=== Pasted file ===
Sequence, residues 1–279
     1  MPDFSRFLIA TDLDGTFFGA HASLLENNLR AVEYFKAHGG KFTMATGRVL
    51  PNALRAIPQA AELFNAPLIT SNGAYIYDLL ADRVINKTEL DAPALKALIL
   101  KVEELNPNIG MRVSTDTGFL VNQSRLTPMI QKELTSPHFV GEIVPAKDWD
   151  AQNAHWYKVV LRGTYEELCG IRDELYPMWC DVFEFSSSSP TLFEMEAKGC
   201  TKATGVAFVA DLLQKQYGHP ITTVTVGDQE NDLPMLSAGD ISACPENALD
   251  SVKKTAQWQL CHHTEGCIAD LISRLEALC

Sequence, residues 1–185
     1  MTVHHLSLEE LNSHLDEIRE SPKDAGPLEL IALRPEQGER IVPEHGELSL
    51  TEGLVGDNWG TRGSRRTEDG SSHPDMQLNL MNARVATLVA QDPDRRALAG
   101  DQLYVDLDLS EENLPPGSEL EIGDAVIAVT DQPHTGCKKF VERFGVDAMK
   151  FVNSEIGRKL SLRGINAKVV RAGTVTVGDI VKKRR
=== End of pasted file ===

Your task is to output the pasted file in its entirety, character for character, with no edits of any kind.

Sequence, residues 1–279
     1  MPDFSRFLIA TDLDGTFFGA HASLLENNLR AVEYFKAHGG KFTMATGRVL
    51  PNALRAIPQA AELFNAPLIT SNGAYIYDLL ADRVINKTEL DAPALKALIL
   101  KVEELNPNIG MRVSTDTGFL VNQSRLTPMI QKELTSPHFV GEIVPAKDWD
   151  AQNAHWYKVV LRGTYEELCG IRDELYPMWC DVFEFSSSSP TLFEMEAKGC
   201  TKATGVAFVA DLLQKQYGHP ITTVTVGDQE NDLPMLSAGD ISACPENALD
   251  SVKKTAQWQL CHHTEGCIAD LISRLEALC

Sequence, residues 1–185
     1  MTVHHLSLEE LNSHLDEIRE SPKDAGPLEL IALRPEQGER IVPEHGELSL
    51  TEGLVGDNWG TRGSRRTEDG SSHPDMQLNL MNARVATLVA QDPDRRALAG
   101  DQLYVDLDLS EENLPPGSEL EIGDAVIAVT DQPHTGCKKF VERFGVDAMK
   151  FVNSEIGRKL SLRGINAKVV RAGTVTVGDI VKKRR